5th Singapore Short Cuts - Love Through The Ages by Wendy Chee

I never want to work with cockroaches! I think Wendy must feel the same way. `Love Through The Ages’ opened with a series of credit shots consisting of a fidgeting plastic cockroach crated from stop-motion photography. I must imagine the ideal shot would be to have a real one, because that’s how the story begins. An old lady petrified by the sight of a cockroach bumbling around in the kitchen walks out to ask her husband to kill it. But the husband did absolutely nothing but continue sitting with his trotter-like legs perched on the coffee table and watch TV. She starts the inevitable – nagging at her husband to no effect and this adds to her annoyance.

The delivery of the old woman was robotic, almost dead-pan unintentionally, reflective of her being a non-actress. But I found it made it funnier because it drew attention to her act of nagging rather than the character. What tickled me more was when the story went back in time. In a 60s tinged setting of an old school, a fresh, succulent faced young girl in her virginal-white uniform meets an glowing, athletic-looking young man in shorts too short for his adult-like limbs. Retrieving a piece of stationery outside the classroom, she bumped into him and both freeze their movements for a text to be flashed, that says `This is was how they met’. Unabashedly corny, I was soon getting the drift of the humour. In the flashback, the old lady’s voice was still the voice of narration colouring every moment with her rose-tinted point of view. I found this juxtaposition of her croaky voice and the puppy-love visuals quite effective and humourous.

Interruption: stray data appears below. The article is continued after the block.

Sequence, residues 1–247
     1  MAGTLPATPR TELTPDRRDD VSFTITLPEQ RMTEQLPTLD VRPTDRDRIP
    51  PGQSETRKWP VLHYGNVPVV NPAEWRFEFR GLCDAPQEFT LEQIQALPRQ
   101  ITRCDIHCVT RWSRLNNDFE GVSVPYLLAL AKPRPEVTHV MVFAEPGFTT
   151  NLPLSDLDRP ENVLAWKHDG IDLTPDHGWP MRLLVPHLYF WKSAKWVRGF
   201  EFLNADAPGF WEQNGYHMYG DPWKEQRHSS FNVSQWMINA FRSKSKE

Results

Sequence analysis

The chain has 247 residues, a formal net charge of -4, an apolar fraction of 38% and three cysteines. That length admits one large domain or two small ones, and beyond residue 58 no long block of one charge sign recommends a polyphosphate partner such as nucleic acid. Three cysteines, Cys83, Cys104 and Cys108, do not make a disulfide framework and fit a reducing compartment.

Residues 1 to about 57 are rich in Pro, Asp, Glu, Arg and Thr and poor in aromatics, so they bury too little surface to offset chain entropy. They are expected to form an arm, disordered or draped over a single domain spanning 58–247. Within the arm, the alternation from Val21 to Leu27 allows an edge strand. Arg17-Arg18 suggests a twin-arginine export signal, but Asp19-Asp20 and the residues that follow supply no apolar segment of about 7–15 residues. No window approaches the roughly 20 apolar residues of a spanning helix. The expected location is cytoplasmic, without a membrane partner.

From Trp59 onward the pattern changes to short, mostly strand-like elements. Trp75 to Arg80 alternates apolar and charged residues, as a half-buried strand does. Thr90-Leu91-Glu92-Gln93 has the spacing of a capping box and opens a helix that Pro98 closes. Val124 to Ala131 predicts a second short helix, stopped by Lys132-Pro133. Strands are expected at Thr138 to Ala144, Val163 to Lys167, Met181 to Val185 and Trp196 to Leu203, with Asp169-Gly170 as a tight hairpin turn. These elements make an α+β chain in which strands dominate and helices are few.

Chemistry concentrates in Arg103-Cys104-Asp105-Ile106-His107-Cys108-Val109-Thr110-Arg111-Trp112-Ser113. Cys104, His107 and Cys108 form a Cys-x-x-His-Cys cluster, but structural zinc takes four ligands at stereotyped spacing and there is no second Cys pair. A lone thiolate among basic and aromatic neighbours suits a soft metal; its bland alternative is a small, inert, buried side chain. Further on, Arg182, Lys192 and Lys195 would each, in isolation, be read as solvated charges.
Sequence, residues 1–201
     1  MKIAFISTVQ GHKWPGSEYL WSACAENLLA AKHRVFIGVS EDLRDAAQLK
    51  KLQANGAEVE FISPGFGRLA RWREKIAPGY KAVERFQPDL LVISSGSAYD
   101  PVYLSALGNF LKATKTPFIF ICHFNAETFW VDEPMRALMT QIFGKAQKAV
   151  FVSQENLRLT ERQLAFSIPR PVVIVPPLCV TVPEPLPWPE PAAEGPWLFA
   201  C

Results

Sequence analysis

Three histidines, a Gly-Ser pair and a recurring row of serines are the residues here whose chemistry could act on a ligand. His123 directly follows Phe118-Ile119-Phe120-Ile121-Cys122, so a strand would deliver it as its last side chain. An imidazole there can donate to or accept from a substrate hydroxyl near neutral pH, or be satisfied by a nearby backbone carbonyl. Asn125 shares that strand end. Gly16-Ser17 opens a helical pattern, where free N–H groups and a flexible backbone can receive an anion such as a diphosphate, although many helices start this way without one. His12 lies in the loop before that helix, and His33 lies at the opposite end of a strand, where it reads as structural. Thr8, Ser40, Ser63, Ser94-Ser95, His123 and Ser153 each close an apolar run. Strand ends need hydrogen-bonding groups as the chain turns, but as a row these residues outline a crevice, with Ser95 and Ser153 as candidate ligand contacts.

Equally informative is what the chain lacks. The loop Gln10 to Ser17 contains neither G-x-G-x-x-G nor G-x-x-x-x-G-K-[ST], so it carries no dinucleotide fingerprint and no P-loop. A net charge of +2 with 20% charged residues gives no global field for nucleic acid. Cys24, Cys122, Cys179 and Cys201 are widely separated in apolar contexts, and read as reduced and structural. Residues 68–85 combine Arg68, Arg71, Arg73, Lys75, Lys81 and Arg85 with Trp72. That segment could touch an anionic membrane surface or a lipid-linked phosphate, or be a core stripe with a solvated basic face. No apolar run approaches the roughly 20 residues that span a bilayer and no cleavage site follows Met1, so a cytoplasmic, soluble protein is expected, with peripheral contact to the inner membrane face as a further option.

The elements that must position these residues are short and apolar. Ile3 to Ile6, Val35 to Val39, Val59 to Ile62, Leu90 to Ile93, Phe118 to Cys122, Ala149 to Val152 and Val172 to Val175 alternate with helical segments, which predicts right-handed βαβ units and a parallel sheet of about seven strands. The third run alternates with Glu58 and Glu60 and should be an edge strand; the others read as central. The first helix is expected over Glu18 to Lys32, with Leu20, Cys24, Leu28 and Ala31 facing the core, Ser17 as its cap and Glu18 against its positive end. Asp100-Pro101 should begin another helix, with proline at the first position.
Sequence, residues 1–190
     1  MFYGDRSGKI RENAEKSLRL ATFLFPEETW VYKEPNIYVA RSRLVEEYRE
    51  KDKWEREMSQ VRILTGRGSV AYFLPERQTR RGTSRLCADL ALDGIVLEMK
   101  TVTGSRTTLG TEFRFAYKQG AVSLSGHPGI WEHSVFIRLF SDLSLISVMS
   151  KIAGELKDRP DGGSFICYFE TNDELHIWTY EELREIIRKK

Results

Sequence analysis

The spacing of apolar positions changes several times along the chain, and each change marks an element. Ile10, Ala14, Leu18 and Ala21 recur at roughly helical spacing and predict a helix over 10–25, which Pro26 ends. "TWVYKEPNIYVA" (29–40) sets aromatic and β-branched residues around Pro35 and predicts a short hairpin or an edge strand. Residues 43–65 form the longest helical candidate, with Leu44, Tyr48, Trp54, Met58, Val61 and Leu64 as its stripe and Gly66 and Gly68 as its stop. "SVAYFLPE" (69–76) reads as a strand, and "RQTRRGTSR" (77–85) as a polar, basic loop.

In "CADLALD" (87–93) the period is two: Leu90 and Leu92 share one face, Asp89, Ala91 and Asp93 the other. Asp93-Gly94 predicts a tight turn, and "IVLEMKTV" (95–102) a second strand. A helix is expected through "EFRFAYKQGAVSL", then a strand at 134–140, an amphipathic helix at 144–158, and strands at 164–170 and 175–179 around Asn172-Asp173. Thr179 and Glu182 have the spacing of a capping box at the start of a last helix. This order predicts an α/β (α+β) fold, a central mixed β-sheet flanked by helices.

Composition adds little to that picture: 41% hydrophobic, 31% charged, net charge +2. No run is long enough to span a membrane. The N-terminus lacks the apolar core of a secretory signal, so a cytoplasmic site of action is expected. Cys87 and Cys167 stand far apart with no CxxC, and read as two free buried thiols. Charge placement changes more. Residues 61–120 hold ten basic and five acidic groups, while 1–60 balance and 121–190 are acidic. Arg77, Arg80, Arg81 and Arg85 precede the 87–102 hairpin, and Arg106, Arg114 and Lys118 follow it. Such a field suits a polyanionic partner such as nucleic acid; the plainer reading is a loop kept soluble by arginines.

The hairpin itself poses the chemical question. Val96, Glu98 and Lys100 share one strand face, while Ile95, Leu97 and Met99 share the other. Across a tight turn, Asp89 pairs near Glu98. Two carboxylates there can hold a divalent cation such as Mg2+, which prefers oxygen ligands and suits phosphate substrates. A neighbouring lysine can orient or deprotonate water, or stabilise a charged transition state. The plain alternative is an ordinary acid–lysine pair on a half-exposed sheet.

While the old man does not say much in the present day scenes, the young man in the flashback is a bag of lofty and empty promises. In front of a bungalow, he promised to buy her a big house, car, take her around the world and taste the finest cuisine. Probably the funniest punchline in the string of contrasts used was when she griped that instead of abalone, she gets salted fish (play on words in Hokkien). And the editing also reflected a lot of good comic timing, switching between the rosy younger days and the crusty present in tandem with the lines and punchlines.

Oddball and perhaps a little patchy in its style, the film delivers quite a fair amount of the unexpected. At the very worst, it was sometimes tacky, but the at its best, it was unabashed. In an ending that resembles a short film from last year’s short cuts (by Ryan something… about this mother who keeps nagging at her son in the kitchen), the husband walks into his wife in the room seemingly by accident and in its moment of physical brushing did something very instinctive, though I must a say little cringe-worthy for his age. My hair would stand if I saw my parents doing that!
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